Peter Keane keeps the lid on Kerry's expectations

Peter Keane doesn’t see how Kerry have come to wear the tag of “raging hot favourites” ahead of tomorrow’s All-Ireland minor final with Galway.

Fair enough, a manager has to say what a manager has to say and Keane is hardly going to tell us that all his team have to do is show up in Croke Park tomorrow and the silverware is theirs. The tag that hangs from their neck, though; it hasn’t landed there by chance.

Six points is as close as any team have come within the Kerry minors this year. That result was achieved by Cork in the Munster decider on the first Sunday in July, a modest defeat when you consider the 11 and 22-point hammerings that were inflicted on Derry and Leinster champions Kildare in their two outings subsequent to that.

Kerry have hit, on average, 2-19 per game, their average winning margin across their five games standing at 13 points. The team is backboned by the all-conquering St Brendan’s, Killarney side which swept to Hogan Cup glory back in April. The mainstay of that Sem team, David Clifford, sits atop the Kerry scoring charts with 1-27 to his name. Captain Seán O’Shea, one of two survivors from last year’s All-Ireland winning Kerry team, is just behind him with 2-23. No team has managed to keep quiet this pair and even should the Tribesmen mildly succeed in this department, David Shaw and Dara Moynihan are just as capable of wreaking terror.

See, there is very good reason why Kerry are “raging hot favourites” for tomorrow’s curtain-raiser. Keane’s not for turning, though.

“I certainly don’t buy into this tag that we are raging hot favourites. Galway beat the team I considered to be the favourites for the All-Ireland, Donegal, in the semi-final and that gives you an idea of just how good they are,” says the Kerry manager.

“Galway are a very good side defensively, get numbers back behind the ball and are very workmanlike in what they do. We certainly aren’t expecting any shootout with them.” And neither should they be – Galway held Donegal to 1-11 last time out, Laois to 0-12 in the quarter-final and Mayo to 0-6 in the Connacht decider.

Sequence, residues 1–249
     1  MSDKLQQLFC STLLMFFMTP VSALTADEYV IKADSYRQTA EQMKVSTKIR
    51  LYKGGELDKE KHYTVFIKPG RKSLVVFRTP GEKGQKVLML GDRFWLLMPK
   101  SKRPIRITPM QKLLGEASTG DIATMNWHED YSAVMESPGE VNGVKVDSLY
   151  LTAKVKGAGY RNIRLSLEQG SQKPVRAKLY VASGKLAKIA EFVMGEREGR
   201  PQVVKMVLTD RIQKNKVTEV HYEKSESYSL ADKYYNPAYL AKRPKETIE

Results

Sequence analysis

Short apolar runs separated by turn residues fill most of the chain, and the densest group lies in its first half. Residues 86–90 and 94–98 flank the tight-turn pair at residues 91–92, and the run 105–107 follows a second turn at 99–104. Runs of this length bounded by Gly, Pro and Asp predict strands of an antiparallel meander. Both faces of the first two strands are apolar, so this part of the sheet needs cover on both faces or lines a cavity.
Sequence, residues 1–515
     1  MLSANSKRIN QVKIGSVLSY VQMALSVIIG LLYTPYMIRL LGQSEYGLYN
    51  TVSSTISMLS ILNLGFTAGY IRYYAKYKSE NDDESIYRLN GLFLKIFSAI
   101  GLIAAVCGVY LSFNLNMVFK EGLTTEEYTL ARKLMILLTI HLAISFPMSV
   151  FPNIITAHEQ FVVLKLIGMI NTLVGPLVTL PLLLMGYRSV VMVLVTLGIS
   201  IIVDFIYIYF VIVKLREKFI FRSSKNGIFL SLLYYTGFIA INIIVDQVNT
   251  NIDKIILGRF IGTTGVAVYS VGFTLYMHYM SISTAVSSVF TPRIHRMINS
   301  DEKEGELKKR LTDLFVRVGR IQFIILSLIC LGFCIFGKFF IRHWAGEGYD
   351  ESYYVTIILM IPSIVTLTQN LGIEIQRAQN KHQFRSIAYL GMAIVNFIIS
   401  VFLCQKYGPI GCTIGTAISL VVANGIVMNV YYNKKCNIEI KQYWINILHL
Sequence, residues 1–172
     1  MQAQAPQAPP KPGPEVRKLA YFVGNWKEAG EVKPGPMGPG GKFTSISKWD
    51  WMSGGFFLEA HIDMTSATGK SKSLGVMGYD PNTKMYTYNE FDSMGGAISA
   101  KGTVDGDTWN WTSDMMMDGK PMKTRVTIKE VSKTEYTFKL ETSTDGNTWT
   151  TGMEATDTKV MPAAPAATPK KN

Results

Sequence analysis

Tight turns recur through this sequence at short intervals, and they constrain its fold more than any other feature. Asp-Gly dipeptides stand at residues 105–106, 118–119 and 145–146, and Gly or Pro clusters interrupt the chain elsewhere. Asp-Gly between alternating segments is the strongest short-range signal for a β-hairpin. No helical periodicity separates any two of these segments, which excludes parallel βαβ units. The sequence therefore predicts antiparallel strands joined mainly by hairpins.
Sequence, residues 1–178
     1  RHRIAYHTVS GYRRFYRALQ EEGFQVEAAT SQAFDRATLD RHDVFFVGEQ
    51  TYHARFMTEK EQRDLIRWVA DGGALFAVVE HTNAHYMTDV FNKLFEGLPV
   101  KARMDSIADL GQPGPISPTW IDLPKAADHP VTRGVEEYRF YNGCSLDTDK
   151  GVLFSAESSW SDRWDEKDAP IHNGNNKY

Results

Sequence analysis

“They also have the advantage of seeing our game with Kildare whereas we couldn’t really analyse their semi-final because we still had to prepare for Kildare,” Keane continues. “We are having to go backwards to go forwards in preparing for them in that sense. This is a very good Galway side and they have some very dangerous forwards who have been scoring goals for fun. So in preparation for playing them, we are very aware of how good they are.”

Kerry are one of three counties to have achieved a three-in-a-row of minor football All-Irelands, with Cork last to manage the feat between 1967 and ’69. The Kerry manager says they are not looking at tomorrow’s game as a chance to string a third consecutive All-Ireland minor crown. His players are solely interested in writing their own history.

“It’s a grade where there’s always change, there’s always a desire by those involved to take their opportunity when they get it and try and write their own history.

“I use last year’s Galway All-Ireland minor winning hurling team as an example. They won the competition quite well last year, had a good share of the team underage again this year and were turned over by Tipperary in the semi-final. There is no such thing as a normal or average minor team.

“I’ve said of the lads who were involved with St Brendan’s that their time in Croke Park would be of big benefit to us later on in the campaign if we got there.”

Keane concluded: “I hope they give it their all and don’t wake up on Monday morning with any regrets, regardless of what the actual result will be.”


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